Sunday, March 1, 2009
Radiant Husk - Several Potem (Bezoar Formations CD-R)
Just got a swell batch of items in from San Francisco based label Bezoar Formations. Beautiful little packages all. Figured I'd start the review damage off with this one from Matthew Erickson, aka Radiant Husk, who's put together a fine little sub-half hour meditation work with Several Potem's four tracks.
Using reeds, tapes, keyboard and "etc." (which seems to most notably include vocals), Erickson opens with "Bell Peel." Layers of keyboard drone emit outwards from some center a la Terry Riley while saxophone squeals and voice gel together into a nice and fluid four minutes, opening on a note that finds some pretty active material between stagnant drone and anarchic sax work. While sax seems to be making a comeback in the world of experimental tape release, usually you get the grimy, Olson via Doyle sound but Erickson goes a little lighter and airier on it. Sort of a Lee Konitz meets Bill Dixon thing if both were stripped of any jazz associations whatsoever, and limited to slow high end snake charm styles.
The next track, "Kalpa Night," steps back from the near Gregorian clarity of the first one to get its hands a bit dirtier in some vacuum loop material. Nice and slow, everything here just sort of bubbles along, with odd little punctuations and breathes of tone repeating over one another to create an internal momentum like some caterpillar snaking about "find that milkweed" style. Erickson's got a knack too for filling these compositions with enough rich warmth without ever stepping over into cosmic territory. Everything is nice and grounded and subtle, each move important and distinct. As it all disintegrates towards the end, it does so more by washing itself out than cacophonizing it, slinking back into a pool of algae.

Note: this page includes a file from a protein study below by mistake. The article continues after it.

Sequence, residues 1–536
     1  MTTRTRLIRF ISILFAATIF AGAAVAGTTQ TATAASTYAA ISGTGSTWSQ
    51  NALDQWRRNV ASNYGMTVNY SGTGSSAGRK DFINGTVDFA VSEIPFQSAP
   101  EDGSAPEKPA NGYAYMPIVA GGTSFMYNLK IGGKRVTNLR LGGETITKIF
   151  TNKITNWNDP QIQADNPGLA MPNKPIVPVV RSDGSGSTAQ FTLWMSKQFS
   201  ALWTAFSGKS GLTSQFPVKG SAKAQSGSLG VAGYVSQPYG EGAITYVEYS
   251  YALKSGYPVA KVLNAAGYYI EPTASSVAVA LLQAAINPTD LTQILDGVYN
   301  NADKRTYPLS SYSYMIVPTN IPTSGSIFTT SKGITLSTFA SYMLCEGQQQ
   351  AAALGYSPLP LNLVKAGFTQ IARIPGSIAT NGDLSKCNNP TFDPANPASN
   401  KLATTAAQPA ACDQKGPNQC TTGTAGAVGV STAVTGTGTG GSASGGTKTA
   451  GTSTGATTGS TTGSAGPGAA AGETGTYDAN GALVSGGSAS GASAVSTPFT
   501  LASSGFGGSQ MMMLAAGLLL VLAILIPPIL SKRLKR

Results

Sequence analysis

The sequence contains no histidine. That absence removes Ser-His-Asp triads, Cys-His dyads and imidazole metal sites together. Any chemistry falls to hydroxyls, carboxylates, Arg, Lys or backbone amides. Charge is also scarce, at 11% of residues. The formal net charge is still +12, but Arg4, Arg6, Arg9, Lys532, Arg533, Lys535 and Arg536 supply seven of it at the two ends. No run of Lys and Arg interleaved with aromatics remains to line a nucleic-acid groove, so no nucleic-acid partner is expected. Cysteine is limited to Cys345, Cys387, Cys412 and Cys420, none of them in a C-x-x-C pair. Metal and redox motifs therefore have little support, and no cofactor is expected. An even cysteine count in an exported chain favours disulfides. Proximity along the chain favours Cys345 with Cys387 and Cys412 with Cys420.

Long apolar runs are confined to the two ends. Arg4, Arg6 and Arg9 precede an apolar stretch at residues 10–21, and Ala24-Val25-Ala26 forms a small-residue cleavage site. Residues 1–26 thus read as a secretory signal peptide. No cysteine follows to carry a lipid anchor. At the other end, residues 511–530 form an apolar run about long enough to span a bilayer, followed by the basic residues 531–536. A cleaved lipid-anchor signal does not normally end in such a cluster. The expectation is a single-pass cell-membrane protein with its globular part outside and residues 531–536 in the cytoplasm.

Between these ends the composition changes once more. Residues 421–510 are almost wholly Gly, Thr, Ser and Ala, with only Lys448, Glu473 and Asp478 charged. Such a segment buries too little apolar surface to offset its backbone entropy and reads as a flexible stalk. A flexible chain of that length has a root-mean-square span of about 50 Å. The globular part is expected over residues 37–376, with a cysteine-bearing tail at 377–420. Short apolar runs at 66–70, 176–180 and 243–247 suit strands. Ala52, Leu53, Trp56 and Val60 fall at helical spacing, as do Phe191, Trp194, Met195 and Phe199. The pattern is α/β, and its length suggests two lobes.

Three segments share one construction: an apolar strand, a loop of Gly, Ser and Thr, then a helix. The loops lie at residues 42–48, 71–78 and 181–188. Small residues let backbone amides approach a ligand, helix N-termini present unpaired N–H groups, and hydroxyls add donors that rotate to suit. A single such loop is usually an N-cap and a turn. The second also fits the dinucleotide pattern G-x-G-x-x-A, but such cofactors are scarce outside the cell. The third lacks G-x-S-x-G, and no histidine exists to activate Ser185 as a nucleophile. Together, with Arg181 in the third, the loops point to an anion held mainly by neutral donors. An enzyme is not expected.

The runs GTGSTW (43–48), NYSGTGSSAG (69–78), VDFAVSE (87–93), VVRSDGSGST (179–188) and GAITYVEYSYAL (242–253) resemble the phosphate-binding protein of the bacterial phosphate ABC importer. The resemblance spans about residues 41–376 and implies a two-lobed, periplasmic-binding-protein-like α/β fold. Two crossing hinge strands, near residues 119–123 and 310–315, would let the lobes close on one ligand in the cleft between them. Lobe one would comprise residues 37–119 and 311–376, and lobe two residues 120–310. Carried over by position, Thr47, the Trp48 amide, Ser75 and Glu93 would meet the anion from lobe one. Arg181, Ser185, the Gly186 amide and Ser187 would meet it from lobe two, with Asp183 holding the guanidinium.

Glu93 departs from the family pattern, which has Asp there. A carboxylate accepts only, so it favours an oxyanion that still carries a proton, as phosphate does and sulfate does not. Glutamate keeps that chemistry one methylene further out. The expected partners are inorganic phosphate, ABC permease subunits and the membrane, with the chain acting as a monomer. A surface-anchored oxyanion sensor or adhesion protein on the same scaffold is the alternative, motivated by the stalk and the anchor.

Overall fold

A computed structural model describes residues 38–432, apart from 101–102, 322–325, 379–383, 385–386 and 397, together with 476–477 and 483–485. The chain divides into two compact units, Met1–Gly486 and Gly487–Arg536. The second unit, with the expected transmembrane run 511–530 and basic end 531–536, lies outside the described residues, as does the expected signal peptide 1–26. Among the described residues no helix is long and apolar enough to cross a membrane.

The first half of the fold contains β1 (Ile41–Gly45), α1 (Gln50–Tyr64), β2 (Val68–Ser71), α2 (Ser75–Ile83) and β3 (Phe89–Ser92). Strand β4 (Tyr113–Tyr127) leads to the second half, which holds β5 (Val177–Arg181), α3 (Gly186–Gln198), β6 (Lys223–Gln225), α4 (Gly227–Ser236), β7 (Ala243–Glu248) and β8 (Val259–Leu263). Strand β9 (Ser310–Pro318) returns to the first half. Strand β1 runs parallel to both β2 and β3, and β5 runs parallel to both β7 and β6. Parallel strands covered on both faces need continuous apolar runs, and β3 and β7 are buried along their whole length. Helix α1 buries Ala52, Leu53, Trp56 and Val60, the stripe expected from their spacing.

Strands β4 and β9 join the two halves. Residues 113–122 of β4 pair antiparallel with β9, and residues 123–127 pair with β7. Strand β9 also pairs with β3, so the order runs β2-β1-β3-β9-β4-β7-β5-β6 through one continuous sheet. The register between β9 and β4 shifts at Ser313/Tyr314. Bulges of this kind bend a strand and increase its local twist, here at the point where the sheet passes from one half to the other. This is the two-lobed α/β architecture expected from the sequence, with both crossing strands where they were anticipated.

"Leaning Strata" continues with some nice keyboard excursions, kind of Ducktails tropical style only with more of a goth lo-fi overtone going on. Sort of reminds me of those old John Bender discs almost. Odd warbles and nauseating motions that keep everything nice and off balance as they build toward silence, only to be overtaken by the sonar squeals of a zillion hungry bats. Everything stays nice and unsettled though, with the melody still hovering gently in the thick air. There's an indecisiveness here that keeps it interesting and quite beautiful in its fragility.
The closing "Water Margins," the longest number here at over a third the length of the disc, explore some sparsely laid electronic drones that hum and stammer their way about beneath sax bid calls. Very subtle and not too distant from some of that Housecraft material in its intense and insular grace. Moves pop up, retract, overtake, in a constant epochal race to the top of the food chain. A nice end to an understated and super effective disc... more to come from this killer label for sure (oh and the two cover art pictures are the inside and outside in case that needs clarifying...).